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Appl Environ Microbiol 2017 Apr 17;83(9):e00211-17

Prevalence, genotype richness, and coinfection patterns of hemotropic mycoplasmas in raccoons (Procyon lotor) in environmentally protected and urbanized barrier islands.

Volokhov DV, Hwang J, Chizhikov VE, Danaceau H, Gottdenker NL


Raccoons (Procyon lotor) are successful urban adapters and hosts to a number of zoonotic and non-zoonotic pathogens, yet little is known about their hemoplasma infections and how prevalence differs across habitat types. This study identifies hemotropic Mycoplasma spp. infection in raccoons from urban and undisturbed habitats and compares hemoplasma infection in sympatric urban cats (Felis catus) from the same geographic region. We collected blood from raccoons (n=95) in an urban (n=37) and an undisturbed (n=58) coastal island and from sympatric urban cats (n=39) in Georgia, USA. Based on 16S rRNA gene amplification, 62.1% (59/95) of raccoons and 17.9% (7/39) of feral cats were positive for hemoplasma. There was a greater percentage of hemoplasma-infected raccoons on the undisturbed island (79.3%, 46/58) than on the urban island (35.1%, 13/37; X2=16.9, df=1, p=0.00004). Sequencing of the full-length 16S rRNA gene amplicons revealed six hemoplasma genotypes in raccoons, including five novel genotypes that were distinct from three known hemoplasma species identified in the sympatric cats. In addition, the hemoplasma genotypes detected in raccoons were not identified in sympatric cats or vice versa. Although all six hemoplasma genotypes were found in raccoons from urban and undisturbed islands, co-infection patterns differed between sites and among individuals, with the proportion of coinfected raccoons greater in the undisturbed site. This study shows that raccoons are hosts for several novel hemoplasmas and that habitat type influences infection patterns IMPORTANCE: This study provides information about novel hemoplasmas identified in raccoons (Procyon lotor), which can be used for the assessment of the prevalence of these hemoplasmas in raccoon populations and for future studies on potential pathogenic impacts of these hemoplasmas on raccoon health. Raccoons from the undisturbed habitat had higher prevalence of hemoplasma infection than urban raccoons. There does not appear to be cross-species transmission of hemotropic mycoplasmas between urban raccoons and feral cats. Raccoons appear to be hosts for several novel hemoplasmas and habitat type influences infection patterns.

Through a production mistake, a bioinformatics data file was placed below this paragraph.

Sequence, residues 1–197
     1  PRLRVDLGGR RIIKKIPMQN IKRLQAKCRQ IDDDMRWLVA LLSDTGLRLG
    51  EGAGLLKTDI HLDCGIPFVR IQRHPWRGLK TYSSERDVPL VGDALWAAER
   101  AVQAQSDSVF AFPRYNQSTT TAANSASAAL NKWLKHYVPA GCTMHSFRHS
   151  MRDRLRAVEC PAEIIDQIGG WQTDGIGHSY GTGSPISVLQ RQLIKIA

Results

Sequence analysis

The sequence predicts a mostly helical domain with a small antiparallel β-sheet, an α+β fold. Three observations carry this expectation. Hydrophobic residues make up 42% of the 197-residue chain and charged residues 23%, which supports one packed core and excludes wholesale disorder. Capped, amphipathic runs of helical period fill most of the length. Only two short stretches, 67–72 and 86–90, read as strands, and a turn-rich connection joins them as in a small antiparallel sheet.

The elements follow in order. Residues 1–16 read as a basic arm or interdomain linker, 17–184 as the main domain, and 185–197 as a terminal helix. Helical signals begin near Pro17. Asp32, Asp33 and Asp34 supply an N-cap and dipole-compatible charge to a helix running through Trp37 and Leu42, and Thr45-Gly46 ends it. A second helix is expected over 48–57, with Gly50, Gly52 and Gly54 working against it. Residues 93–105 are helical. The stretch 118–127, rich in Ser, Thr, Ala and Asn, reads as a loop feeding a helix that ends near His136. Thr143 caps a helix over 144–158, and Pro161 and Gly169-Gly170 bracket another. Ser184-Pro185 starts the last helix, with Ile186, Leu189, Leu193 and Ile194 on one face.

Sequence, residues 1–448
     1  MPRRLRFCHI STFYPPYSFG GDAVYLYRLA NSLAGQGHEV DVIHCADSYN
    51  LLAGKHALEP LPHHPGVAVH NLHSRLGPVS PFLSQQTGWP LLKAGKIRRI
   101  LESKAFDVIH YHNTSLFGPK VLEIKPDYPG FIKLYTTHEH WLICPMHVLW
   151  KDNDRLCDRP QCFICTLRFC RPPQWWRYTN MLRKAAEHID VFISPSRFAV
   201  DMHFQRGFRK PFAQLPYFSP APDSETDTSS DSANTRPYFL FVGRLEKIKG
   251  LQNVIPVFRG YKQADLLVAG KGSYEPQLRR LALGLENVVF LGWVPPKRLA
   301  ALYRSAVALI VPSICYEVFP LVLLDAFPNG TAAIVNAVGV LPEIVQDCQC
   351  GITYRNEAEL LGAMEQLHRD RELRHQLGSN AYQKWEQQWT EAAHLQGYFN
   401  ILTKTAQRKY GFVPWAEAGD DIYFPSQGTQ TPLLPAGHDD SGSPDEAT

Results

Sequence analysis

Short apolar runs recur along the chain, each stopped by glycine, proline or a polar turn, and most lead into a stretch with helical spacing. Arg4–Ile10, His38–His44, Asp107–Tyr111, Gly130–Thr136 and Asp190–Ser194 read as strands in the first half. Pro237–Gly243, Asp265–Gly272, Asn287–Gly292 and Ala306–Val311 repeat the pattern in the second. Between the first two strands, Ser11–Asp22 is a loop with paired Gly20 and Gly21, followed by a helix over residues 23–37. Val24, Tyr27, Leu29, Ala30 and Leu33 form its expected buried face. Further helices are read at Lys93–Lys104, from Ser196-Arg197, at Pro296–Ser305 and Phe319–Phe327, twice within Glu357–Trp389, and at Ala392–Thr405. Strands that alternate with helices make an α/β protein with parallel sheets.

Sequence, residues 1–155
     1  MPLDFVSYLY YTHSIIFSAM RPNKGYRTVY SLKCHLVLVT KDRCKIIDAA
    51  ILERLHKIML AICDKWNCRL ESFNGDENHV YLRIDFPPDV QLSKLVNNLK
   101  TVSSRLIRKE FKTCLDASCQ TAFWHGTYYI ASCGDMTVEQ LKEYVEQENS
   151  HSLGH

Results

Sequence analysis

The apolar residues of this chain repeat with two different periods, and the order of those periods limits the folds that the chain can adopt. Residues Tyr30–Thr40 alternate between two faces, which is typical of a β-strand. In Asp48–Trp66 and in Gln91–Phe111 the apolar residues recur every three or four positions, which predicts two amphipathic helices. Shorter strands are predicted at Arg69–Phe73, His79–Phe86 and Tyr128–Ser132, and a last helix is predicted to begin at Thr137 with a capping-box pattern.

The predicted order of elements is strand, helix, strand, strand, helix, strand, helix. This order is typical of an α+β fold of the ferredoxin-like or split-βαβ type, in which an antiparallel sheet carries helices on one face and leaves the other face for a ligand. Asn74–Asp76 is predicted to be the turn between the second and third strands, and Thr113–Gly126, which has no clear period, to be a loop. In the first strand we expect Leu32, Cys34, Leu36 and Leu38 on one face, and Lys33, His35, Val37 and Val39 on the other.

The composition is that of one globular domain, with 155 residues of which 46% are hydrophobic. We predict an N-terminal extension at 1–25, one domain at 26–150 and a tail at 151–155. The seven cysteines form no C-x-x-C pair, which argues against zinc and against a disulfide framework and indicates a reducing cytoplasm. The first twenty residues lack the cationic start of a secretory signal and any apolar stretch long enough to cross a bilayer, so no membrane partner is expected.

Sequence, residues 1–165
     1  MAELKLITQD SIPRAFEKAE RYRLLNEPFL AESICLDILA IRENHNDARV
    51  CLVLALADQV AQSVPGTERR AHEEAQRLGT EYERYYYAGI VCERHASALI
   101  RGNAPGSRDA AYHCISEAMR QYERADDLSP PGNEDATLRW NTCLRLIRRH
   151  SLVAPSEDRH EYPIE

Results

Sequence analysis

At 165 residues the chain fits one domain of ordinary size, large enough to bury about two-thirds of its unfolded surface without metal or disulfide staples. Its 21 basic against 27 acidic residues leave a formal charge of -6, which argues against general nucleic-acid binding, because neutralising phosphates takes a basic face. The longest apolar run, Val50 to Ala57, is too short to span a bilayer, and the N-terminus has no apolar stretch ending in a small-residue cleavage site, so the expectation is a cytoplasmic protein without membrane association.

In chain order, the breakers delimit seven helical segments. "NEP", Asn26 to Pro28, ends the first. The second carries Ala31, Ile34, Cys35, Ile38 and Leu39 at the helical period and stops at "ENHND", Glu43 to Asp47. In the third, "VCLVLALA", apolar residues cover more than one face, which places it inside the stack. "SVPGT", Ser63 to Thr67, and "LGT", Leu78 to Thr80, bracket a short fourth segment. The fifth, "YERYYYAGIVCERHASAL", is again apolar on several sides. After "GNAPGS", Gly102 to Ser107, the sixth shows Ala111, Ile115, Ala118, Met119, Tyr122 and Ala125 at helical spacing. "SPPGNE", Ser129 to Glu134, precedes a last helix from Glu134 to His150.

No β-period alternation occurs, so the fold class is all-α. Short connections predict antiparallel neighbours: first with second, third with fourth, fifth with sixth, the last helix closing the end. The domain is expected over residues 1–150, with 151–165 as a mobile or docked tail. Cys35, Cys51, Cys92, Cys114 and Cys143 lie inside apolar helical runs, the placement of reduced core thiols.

Category: Journal Article
PubMed ID: #28258139 DOI: 10.1128/AEM.00211-17
PubMed Central ID: #PMC5394313
Includes FDA Authors from Scientific Area(s): Biologics
Entry Created: 2014-02-18 Entry Last Modified: 2017-05-23